I shook my head as if to say “No” in a way that would be clear enough to be heard, as he turned and walked away. I glanced at the circulation desk, which was just a few feet away from the table where I was sitting. I considered going to the desk and telling them what had just happened, what he had just said. But I chose not to. I knew that this was not something I wanted to blow up or even waste my time on. I finished my volunteer service that day, and promised myself that if he showed up again, I would report him to the staff at the desk or to the manager. A few weeks later, I completed my volunteer service for the summer, and the man did not show up again during those final weeks. I have seen him only once this year, when I stopped at the library to pick up some books I had placed on hold. He was in the parking lot, parked next to my car, but I did not see him. He honked, as I pulled out. I thought it was someone else I knew, so I actually waved at him, but it soon dawned upon me that it was him. Him again! I drove away, as fast as I could (at a safe speed), wishing that he would not follow me and that this would be my last encounter with him, wishing he would just find some other library to go to, thanking the cosmos that I work at libraries far from this one, libraries he hopefully will never ever visit.
I realize that this patron, who openly and unabashedly harrassed me (often in front of other patrons), would have done so no matter what. If I sat outside the library and he saw me there, he would bother me–and he did just that! In fact, outside the library, in a space with benches for patrons, he bothered me even more, talking to me as if I had no choice but to marry him and go to his church. If I sat inside the library, at a desk with my laptop or in an armchair in a corner, he would spy me and try to talk to me or hover around me. And last summer, during my brief time as a volunteer, he openly harrassed me at a table not far from the circulation desk and in the presence of several other patrons who looked over at us and surely wondered what the heck was going on. Yes, this patron would surely have bothered me, no matter what steps I or anyone else might have taken to prevent this behavior.
Still, I would like to believe that certain things can be done to minimize or eliminate this kind of harrassment, perhaps through policies and the design of library spaces. Also, staff can be trained to identify when a patron is behaving inappropriately and keep an eye out for such behavior and intervene. There will probably always be that patron who goes to the library to seek out and bother people. Hopefully, through clear policies about this kind of harrassment and through spaces designed to be open and free of obstructions, these potential harrassers will receice the clear communication that their behavior is unacceptable and the library is absolutely not a place for harrassing single women and coercing them into unwanted marriages.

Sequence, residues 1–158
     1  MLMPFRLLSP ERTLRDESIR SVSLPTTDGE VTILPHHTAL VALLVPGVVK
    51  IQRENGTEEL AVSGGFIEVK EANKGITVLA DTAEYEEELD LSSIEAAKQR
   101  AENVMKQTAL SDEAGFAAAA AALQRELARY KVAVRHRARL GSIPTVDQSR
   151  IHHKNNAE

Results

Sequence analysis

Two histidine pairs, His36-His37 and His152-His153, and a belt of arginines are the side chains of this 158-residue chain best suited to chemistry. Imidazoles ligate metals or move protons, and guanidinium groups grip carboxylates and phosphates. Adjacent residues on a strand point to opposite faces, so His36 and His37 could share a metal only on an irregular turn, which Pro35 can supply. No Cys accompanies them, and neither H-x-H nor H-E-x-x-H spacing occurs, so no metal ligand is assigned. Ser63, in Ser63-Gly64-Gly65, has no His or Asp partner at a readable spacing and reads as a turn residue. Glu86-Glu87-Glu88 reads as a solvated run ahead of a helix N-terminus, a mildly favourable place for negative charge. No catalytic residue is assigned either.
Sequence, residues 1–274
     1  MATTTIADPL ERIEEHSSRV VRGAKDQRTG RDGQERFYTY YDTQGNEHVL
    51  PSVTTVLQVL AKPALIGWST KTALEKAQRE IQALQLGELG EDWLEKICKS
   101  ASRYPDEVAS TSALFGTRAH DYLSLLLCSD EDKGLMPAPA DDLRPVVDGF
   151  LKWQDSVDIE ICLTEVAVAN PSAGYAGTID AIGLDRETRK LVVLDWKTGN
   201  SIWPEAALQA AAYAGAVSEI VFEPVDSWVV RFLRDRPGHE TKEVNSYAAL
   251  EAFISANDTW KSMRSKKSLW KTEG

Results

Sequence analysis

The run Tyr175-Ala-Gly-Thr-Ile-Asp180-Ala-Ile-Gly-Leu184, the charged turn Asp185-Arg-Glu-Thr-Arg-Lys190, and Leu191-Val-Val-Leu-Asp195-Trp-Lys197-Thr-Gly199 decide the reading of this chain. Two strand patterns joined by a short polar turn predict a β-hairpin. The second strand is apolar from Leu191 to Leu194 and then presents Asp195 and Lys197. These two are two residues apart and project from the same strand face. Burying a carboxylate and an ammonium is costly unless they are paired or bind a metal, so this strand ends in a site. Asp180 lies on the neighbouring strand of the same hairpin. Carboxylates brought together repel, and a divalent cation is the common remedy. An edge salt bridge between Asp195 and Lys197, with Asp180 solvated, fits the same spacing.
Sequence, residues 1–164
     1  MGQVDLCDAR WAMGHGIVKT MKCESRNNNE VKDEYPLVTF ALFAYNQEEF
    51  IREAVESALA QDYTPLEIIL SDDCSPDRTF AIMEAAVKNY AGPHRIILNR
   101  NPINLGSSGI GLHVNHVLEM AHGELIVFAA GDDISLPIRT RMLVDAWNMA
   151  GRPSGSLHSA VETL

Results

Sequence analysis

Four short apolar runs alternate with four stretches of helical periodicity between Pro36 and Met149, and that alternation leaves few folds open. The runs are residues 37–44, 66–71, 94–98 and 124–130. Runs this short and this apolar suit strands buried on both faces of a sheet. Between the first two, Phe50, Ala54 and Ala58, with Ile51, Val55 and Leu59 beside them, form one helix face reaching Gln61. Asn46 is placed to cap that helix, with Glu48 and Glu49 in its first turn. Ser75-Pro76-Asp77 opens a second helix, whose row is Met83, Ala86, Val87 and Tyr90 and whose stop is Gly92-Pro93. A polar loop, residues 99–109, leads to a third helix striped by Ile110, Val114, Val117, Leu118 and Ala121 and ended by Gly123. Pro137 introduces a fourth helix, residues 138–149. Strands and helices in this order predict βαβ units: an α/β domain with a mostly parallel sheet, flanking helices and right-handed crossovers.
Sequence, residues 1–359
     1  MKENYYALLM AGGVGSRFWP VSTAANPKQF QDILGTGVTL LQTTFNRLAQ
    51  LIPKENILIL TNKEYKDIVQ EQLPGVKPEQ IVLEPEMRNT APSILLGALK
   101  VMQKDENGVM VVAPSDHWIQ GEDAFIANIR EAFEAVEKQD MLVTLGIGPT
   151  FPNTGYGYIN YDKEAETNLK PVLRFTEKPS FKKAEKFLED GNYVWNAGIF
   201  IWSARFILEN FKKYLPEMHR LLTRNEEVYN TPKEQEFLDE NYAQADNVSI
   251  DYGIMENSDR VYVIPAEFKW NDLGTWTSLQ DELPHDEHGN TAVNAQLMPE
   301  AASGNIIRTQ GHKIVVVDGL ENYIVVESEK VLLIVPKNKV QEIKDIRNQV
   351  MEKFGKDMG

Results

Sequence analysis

Having to deal with a potential stalker at the library is not the kind of adventure I would ever choose for myself or for anyone. My experience of being harrassed at the library has taught me the value of safety. Safety is the foundation for the successful operation and positive functioning of any public space (or private space, for that matter). And this experience of an unpleasant interaction with a fellow patron caused me to flee from my local branch library. The impact has been long-lasting, as well, since I have little or no desire to spend time there.
If I desire a “safe space” in my chosen public library, I am not alone in this desire. Up to 75% of Americans (and my guess is probably more than this number) desire and appreciate that their public libraries are “safe” and “quiet” spaces where they can read (Raine, 2014). Probably not a single one of us would want to go and read in a space where we could expect to be harrassed and pressured into any sort of unwanted interaction.
The most painful part about my not feeling comfortable about spending time at my branch library is that I am a “library lover”–I belong to the group of people who enjoy spending lots of time at the library, using the library space and services extensivley, and who tend to be students and highly educated, among other things (Zickuhr, 2014). Also, though I no longer spend time there, I remain deeply in love with my branch library; it truly saved my life. At a time when I felt a great need for information that could guide me through a personal crisis, I was able to go to the library and find (or request) books to read that brought me great comfort and insight. The library empowered me in a very beautiful way. The library met my needs at a time when I was desperate for information and a sense of possibility.